I was assigned a seat where a vacant one was available. Good. I tried to listen to the lesson. Oh, this was a Chinese literature class, my luck. The teacher wrote notes on the blackboard. Everyone started copying them down in their textbook. Their textbook? It was allowed to write in the textbook? Oh, was that why they were made of cheap paper? Disposable textbooks? All right, let’s copy them. Hm, what is that? How come I can’t read this? Oh, I see, just like our tutor in the beginning, she was writing in “cao xie”, or “grass style (hand-written draft)” characters. We had been learning to copy characters exactly the way they appeared in books, meaning in  “print” (kai) characters. When writing by hand, people generally would slur the strokes, for instance, four dots in a horizontal row might become a horizontal line, while two oblique arms on either side of a vertical stroke might become a blurry convex arc. I stared at those unrecognizable squiggles on the board and my hand stayed frozen in mid-air. How was I to copy these?

The character "long" =dragon in formal print style

The character “long” =dragon in formal print style

The character "long" = dragon in "cao" = grass/draft style

The character “long” = dragon in “cao” = grass/draft style

My neighbor on the right looked at me and took pity. “Here,” she whispered, “I’ll copy them for you.” And copy them she did, in “hand-written” characters, just like the teacher. Now I had the notes, but I still couldn’t read them. Well, Chinese literature promised to be fun.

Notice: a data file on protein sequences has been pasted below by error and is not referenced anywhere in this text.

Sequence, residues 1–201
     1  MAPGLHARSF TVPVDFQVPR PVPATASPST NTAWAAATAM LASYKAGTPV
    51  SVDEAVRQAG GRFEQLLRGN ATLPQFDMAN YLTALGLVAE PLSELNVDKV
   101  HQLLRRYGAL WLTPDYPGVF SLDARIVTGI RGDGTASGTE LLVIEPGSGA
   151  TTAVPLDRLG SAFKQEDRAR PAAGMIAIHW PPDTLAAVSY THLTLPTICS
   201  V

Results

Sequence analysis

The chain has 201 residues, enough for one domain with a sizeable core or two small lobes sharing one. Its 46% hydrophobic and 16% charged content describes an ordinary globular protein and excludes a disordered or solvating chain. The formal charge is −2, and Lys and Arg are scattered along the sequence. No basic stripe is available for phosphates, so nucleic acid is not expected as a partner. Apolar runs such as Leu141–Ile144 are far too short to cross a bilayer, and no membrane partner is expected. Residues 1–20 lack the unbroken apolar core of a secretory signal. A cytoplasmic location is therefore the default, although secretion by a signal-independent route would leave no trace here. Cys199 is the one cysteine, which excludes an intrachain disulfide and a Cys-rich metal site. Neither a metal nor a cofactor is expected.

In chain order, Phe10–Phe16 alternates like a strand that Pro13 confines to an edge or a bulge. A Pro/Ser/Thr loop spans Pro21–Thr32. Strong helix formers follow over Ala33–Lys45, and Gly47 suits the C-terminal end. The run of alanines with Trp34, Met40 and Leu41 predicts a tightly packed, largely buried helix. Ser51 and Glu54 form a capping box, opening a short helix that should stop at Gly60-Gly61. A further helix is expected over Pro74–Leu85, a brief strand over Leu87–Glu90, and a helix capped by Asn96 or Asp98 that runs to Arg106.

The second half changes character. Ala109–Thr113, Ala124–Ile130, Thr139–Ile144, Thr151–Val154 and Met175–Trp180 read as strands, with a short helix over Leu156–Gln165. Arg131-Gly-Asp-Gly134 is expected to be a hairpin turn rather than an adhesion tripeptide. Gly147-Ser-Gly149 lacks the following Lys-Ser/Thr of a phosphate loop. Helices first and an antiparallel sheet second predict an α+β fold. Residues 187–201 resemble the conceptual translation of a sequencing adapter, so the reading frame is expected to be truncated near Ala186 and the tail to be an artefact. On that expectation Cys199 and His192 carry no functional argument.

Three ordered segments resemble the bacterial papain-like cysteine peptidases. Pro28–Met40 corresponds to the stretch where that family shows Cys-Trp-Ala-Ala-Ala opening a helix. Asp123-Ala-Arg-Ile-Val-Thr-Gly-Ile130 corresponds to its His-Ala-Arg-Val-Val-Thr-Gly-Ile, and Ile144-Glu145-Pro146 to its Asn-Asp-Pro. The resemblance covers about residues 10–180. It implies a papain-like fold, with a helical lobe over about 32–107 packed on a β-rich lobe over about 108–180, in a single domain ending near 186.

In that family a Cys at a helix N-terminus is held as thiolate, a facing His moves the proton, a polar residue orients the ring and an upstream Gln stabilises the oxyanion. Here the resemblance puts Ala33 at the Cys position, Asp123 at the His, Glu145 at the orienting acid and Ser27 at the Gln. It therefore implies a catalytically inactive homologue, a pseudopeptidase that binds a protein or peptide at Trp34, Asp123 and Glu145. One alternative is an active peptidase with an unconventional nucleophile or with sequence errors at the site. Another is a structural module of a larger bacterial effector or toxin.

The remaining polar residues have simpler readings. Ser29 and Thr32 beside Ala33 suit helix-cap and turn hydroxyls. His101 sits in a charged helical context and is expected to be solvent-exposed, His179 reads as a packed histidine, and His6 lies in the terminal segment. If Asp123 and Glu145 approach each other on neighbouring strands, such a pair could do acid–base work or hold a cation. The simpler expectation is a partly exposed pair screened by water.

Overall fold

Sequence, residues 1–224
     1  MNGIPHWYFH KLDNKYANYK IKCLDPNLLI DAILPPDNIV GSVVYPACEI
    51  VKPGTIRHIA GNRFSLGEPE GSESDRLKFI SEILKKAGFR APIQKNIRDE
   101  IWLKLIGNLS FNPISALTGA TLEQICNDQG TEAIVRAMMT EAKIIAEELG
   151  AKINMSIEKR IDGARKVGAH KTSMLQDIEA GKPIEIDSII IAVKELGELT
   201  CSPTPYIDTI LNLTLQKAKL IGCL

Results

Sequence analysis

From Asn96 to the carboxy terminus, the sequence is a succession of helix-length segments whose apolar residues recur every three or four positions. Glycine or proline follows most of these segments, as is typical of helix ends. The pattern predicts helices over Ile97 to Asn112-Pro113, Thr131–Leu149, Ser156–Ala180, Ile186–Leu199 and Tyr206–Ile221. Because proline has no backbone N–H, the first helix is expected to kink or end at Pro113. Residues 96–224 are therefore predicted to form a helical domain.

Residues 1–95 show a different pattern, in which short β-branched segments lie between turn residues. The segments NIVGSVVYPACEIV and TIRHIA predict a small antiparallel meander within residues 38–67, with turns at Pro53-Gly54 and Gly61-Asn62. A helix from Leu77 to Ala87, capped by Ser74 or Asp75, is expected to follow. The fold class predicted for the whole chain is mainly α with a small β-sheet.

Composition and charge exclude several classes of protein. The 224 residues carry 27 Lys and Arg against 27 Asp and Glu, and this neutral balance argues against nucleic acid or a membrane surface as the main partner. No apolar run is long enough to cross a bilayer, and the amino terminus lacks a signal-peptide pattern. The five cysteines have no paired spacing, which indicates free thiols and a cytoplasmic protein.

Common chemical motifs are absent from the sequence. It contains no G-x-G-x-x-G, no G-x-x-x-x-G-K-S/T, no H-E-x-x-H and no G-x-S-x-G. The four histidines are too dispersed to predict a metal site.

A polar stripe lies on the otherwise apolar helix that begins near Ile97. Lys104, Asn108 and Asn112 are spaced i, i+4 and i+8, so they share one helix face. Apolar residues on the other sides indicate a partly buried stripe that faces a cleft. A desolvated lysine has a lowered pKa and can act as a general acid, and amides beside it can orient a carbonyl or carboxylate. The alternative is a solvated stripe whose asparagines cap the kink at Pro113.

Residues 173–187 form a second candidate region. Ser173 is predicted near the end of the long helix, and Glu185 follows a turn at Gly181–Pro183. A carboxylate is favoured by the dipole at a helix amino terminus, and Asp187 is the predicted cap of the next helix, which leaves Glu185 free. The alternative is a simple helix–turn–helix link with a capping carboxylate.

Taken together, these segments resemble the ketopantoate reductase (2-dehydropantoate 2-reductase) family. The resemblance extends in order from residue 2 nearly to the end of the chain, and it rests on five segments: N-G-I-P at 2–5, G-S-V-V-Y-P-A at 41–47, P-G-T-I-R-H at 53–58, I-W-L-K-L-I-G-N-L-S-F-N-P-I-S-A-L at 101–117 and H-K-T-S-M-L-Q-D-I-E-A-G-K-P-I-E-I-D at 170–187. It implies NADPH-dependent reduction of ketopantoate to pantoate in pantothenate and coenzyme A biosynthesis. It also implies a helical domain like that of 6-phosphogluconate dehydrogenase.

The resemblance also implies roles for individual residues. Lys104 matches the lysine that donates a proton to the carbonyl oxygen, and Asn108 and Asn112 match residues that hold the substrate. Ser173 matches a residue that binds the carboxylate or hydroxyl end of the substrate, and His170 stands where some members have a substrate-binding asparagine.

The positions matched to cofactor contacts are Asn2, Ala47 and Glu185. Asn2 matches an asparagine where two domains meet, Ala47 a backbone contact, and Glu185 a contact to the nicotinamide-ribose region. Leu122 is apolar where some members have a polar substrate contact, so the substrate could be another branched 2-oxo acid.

At the end of class, the teacher gave out her assignment. Hm, I wondered, where do we note the assignment down? I looked around me. No one was writing anything down. In France, we all had a school planner with tabs labeled with the days of the week. We used to write our “lecons” (reading or memorizing work) and devoirs (written work)  in there. I could not bear not to write it down. So I pulled out a blank notebook I had brought with me. Embarrassed to do something no one else was doing, I placed the notebook on my lap and started writing the assignment down, in French,  since I did not know enough Chinese to do so in Chinese. No sooner did I do so than I heard from    behind me, a voice in an intentionally loud whisper sneer, “Oh, she’s trying to show off that she knows English!”

A "cahier de textes" is a school planner where students write down their assignments on the due date. It is a ubiquitous part of the French student's school bag yet completely absent from that of the Chinese students.

A “cahier de textes” is a school planner where students write down their assignments on the due date. It is a ubiquitous part of the French student’s school bag yet completely absent from that of the Chinese students.

My heart sank. What a great start. Again, I was the outsider, the one who was different, and now I was a show-off again although that could not have been further from the truth. This time, it was not a matter of catching up with the spoken language, since I was passably fluent in it. It was going to be an impossible uphill battle with the written language.

I did learn one thing that day: all Chinese students have a tremendous memory and can remember all their assignments by heart.


One Response to “Trying hard to fit in”

  1. Saadia Mai says:

    Oh yes, I remember that first day in 9th grade Chinese school. How bewildering and overwhelming… You are describing it very well. And the anxiety of starting over in a new and strange environment once again.